Besides these projects, a vital aspect of the movement is to bring the agrarian perspective back into the development narrative. During the last quarter century, the discourse on modernisation in China has been predominantly about copying the industrialisation and urbanisation model from the West. Most educational materials carry the implicit or even explicit message that everything urban is modern and desirable, and everything rural is backwards and despicable and should be discarded as fast as possible to achieve modernisation. Farmers’ traditional attachment to the land is considered a stupid sentiment, which should be replaced by upward mobility at all cost. All this has fuelled the brain drain and labour drain from the villages, contributing to the rural crisis as well as the growing sweatshops in the coastal regions: migrant rural youths will bear the most horrendous abuses in the export-oriented factories as they are convinced that there is no future in their own villages. With so many young people leaving, this becomes a self-fulfilling prophecy. Fortunately, the rural reconstruction movement is challenging this kind of cultural colonisation.
Professor Wen Tiejun, who is generally considered the spiritual leader of the movement, is one of the few Chinese intellectuals who are openly questioning the Western-centred development paradigm. In his 2004 books Deconstruction of Modernization and What do We Really Need? he emphasises the resource constraints of China and describes how the vast hinterland has served as an internal resource and labour base to fuel the hyper-growth of the coast. Without another hinterland to exploit, the remaining rural population cannot copy the Western modernisation path. He and his colleagues have also formed rural focus groups in more than a hundred college campuses across China, bringing student volunteers in touch with the rural reality – a powerful antidote to the elitist and urban-biased education.
Many aspects of traditional Chinese culture, including harmony with nature, community values, and a sense of sufficiency instead of endless pursuit of wealth and consumption, are being re-evaluated in a more positive light by many advocates and practitioners of the movement.
With the mad rush towards ‘modernity’ in recent years, peasants’ bonds with the land and within rural communities have already been seriously weakened. Chemical farming has largely replaced traditional integrated farming. Application of organic and green manure has dwindled, while dependence on chemical fertilisers and pesticides has surged. With the family contract system introduced in the 1980s and the collapse of collective welfare mechanisms, family farms have become much more vulnerable to natural disasters and market fluctuations, and this has forced many peasants to overtax their land. The fragmentation of rural communities has also led to the exploitation and decline of communal assets. For example, between 1985 and 1989, the area covered by windbreaks declined by 48% nationwide. Irrigation canals and other waterworks have also fallen into disarray over the years. All this has resulted in more soil erosion and vulnerability to droughts and floods.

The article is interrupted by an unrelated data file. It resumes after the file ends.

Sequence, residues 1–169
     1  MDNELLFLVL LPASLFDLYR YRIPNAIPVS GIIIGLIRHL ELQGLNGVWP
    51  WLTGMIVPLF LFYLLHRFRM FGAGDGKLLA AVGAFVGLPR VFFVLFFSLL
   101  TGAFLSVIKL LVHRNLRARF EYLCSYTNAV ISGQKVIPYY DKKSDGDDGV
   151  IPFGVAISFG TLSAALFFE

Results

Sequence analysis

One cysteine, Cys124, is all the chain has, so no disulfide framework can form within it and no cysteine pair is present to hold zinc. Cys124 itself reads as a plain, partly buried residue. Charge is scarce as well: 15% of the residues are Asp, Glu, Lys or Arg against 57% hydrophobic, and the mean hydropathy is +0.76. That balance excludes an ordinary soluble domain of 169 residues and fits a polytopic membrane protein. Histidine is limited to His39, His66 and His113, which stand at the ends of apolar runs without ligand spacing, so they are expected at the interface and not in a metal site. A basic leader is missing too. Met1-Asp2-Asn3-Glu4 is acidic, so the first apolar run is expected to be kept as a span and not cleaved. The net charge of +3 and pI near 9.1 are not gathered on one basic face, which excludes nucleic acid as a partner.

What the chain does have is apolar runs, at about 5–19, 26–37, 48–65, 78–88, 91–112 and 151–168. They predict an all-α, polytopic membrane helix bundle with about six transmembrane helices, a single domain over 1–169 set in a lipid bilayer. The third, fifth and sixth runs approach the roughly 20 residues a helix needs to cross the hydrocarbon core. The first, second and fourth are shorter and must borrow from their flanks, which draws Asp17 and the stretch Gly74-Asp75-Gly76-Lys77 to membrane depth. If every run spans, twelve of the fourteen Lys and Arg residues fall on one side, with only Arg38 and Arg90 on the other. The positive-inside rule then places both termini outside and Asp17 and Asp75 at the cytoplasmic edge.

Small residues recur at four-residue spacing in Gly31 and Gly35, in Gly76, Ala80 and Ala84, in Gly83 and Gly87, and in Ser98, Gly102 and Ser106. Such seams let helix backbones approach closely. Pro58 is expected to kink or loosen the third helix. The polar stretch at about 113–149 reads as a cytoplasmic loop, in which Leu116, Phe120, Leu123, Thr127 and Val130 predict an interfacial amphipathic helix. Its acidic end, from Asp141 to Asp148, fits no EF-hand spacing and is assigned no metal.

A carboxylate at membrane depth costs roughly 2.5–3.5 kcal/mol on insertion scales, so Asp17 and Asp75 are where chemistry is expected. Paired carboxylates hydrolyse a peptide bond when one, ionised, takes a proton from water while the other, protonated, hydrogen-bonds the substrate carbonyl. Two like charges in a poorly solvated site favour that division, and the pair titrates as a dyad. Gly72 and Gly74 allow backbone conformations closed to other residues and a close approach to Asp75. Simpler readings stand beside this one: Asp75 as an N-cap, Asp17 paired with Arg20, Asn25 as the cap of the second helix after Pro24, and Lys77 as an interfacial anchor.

An Jinlei, a long-time organic farmer and volunteer instructor, is trying to restore the love of land and community amongst his fellow peasants. While teaching green techniques, he always emphasises that organic agriculture is just not about money-making by eliminating chemicals or taking advantage of a niche market. Farming is a way of life instead of a business for profit. A good farmer is a humble steward: he deeply appreciates the land and what it offers, and takes good care of it in return; he realises all the animals and plants are connected with us as precious life forms, and thus works with them, not against them. Moreover, instead of competing for market advantage, fellow farmers work with each other to be a healthy people on a healthy land. Such a vision of reconnecting with the land and each other may sound sentimental to hardheaded economists and industrial agriculturists, but it is really nothing but down-to-earth. As the driving force for the rural reconstruction movement, it may be our best chance to solve China’s most urgent crisis.
For more information please see China Copes with Globalization: a mixed review, Dale Wen, International Forum on Globalisation
A native of China, Dale Jiajun Wen specialises in China and globalisation issues and is working to build bridges between the emerging alternative voices in China and the global social justice movement.